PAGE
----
“You must gain control over your money, or the lack of it will forever control you.”
Want to know the best strategy to teach your O.T. clients about money management? This money management technique is a simple way to teach individuals with Autism, A.D.H.D., and anxiety how to budget and manage their money.
You will learn the importance of setting financial goals, how emotions drive spending behavior, evaluating past financial decisions, and creating a simple budget to get started. As a female with A.D.H.D., I have found this method efficient with my spending and budgeting.
After learning these money management strategies, you will feel confident to help your clients and feel inspired to create your budget to give you financial freedom.
This post is all about money management in Occupational Therapy.
Budgeting and money management can be daunting, so I’d recommended completing these steps over several O.T. sessions.
There are no right or wrong answers to these reflection questions, but it’s a great way to gain insight into behavior and self-awareness.
I’d encourage them to imagine the best-case scenario and respond with their deepest desires to plan for the life they dreamed of.
Emotions drive behavior, which is why it’s essential to understand the emotions around money and how it impacts spending, saving, and budgeting behaviors.
Here are some emotions commonly felt with money for clients to self-reflect on. Reassure them that there are no right or wrong answers.
Needs are essential for survival and are necessities to live and work.
Physiological and safety needs are at the bottom of Maslow’s hierarchy of Needs. An individual must feel safe and cared for to build a solid foundation for intellectual and creativity.
Wants are not essential for survival but make life more comfortable and enjoyable. Therefore, these can be considered splurges and weaknesses.
Individuals with A.D.H.D. struggle with impulse control, so it’s crucial to identify and create a plan.
If you or your client struggle with impulse control, DO NOT get a credit card. It’s a dangerous trap that involves little thought and instant gratification with hefty consequences once the bill arrives.
After answering the reflection questions honestly, it’s time to reflect and identify one financial goal to focus on.
Here is the formula for writing SMART goals:
The three common financial goals are:
Choose one specific money goal that aligns with their desired result.
Thankfully, financial goals are easy to measure. However, to make goals measurable, help your client find the exact monthly number and the total end goal.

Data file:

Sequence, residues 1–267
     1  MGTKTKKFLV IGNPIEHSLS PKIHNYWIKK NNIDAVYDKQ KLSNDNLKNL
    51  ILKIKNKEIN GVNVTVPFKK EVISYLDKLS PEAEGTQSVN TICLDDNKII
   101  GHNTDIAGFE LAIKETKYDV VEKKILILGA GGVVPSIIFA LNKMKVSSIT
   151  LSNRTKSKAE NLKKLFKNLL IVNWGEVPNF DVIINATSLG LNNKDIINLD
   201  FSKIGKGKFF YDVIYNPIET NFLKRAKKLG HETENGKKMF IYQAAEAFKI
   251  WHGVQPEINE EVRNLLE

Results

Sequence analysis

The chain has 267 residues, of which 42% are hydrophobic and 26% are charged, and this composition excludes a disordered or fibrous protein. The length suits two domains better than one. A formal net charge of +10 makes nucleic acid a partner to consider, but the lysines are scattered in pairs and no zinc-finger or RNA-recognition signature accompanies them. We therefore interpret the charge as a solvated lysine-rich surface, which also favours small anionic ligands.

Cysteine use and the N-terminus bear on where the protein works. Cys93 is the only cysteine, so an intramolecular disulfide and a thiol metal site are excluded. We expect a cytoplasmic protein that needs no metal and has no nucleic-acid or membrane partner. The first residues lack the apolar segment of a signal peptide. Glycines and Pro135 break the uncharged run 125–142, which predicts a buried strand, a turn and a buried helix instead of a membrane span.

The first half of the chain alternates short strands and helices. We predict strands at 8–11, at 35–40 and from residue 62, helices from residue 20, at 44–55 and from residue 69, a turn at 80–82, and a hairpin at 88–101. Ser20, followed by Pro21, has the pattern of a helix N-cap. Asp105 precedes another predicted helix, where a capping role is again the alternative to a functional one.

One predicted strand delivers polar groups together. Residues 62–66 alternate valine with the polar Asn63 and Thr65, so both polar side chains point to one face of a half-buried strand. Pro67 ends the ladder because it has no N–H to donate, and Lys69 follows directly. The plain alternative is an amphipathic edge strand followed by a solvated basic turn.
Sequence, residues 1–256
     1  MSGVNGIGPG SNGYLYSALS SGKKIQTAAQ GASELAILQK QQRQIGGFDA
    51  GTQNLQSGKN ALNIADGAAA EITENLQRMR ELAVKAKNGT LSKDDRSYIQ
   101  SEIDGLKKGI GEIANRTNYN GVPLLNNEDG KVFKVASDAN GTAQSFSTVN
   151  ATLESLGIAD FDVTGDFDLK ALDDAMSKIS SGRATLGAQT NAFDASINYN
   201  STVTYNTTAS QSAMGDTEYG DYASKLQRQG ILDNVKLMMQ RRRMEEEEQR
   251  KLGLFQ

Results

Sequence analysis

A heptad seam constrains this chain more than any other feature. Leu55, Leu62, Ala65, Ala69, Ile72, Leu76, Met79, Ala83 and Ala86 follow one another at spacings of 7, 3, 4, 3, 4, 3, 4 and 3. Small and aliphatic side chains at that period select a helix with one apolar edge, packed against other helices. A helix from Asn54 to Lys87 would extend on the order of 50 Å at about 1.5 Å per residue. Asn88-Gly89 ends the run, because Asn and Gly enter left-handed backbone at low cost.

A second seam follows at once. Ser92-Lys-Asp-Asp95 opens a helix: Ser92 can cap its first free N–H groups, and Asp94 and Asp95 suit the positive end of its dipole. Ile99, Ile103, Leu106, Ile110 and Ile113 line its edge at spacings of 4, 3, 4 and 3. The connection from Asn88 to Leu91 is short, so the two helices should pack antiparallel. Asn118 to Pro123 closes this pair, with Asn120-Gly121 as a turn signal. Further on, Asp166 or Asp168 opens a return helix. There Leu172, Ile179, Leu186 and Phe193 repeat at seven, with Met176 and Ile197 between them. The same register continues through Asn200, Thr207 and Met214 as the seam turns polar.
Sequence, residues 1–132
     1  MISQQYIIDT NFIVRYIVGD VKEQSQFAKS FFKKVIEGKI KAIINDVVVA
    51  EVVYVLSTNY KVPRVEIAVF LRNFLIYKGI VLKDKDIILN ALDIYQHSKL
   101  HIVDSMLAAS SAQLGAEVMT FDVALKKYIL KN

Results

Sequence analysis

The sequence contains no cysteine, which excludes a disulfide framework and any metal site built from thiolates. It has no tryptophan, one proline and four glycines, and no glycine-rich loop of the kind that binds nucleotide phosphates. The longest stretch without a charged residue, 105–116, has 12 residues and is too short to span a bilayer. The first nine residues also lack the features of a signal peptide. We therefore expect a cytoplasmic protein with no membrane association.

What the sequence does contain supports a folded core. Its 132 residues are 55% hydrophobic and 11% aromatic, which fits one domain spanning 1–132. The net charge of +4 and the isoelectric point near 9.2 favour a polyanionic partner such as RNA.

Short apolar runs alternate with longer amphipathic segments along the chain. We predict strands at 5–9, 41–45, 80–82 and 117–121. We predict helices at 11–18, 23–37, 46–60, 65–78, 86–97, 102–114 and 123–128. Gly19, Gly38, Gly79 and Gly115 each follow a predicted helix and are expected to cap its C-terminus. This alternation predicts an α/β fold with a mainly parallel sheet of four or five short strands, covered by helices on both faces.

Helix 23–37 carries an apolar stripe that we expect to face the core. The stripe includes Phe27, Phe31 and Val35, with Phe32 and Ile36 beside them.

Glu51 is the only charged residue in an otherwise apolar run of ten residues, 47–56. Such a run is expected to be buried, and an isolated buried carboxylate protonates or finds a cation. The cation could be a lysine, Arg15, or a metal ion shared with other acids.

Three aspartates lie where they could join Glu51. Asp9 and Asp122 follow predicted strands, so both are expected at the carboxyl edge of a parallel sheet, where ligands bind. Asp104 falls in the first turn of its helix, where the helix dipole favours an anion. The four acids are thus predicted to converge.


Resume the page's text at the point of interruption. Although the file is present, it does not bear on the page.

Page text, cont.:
For example, saving $1,000 a month would be the end, and $100 would be the monthly amount.
Is this financial goal compatible with the individual’s strengths and weaknesses regarding money? Does it match past money behaviors?
Does the goal align with core values and dreams? Does it match their current life situation? This goal should be a step forward to achieve the financial goal and dream life.
When is the anticipated date this financial goal will be achieved? It could be days, weeks, months, or one year.
For this step, you will need a paper printout of the most recent bank statements and highlighters to color code and categorize.
You don’t have to use these exact colors, F.Y.I.
After color coding each section, add the totals and write them down on paper. You will need the amounts for the next step.
After color-coding the bank statements, it’s time to apply the 50/30/20 rule.
I recommend googling each amount for accuracy. There is no shame in using your resources. For example, “What is 20% of $3,500?”
The monthly take-home income is the leftover paycheck after taxes and other payroll deductions (i.e., health insurance and retirement).
To calculate 50% of the income, divide it in half. For example, 50% of a $3,500 monthly income is $1,750.
These next two sections are for the other 50% of the income. For example, 30% of $3,500 is $1,050.
This is the last piece of the income pie. For example, 20% of $3,500 is $700.
The 50/30/20 method doesn’t have to be perfect and exact, but it’s a great starting point.
The first step to creating a budget is to list every source of monthly take-home income, which is the leftover paycheck after taxes and other payroll deductions (i.e., health insurance and retirement).
Note: Some employers send paychecks on set dates every month for 24 paychecks per year, and some pay their employees every other week for 26 paychecks per year.
The second step is to write the monthly expenses (needs + wants) using the 50/30/20 rule.
The third step is to identify the due dates. Finally, you can enroll in auto-payments if the client struggles with memory and organization skills.
The fourth step is to subtract the income from the expenses.
The fifth step is to identify if there is more income than expenses or more expenses than income.
If there is more income than expenses, the leftover money can go towards the S.M.A.R.T. goal. If there are more expenses than income, trim the wants list until it balances out to zero.
At the end of the month, you can help the client reflect on how the budget they created worked or did not work for them.
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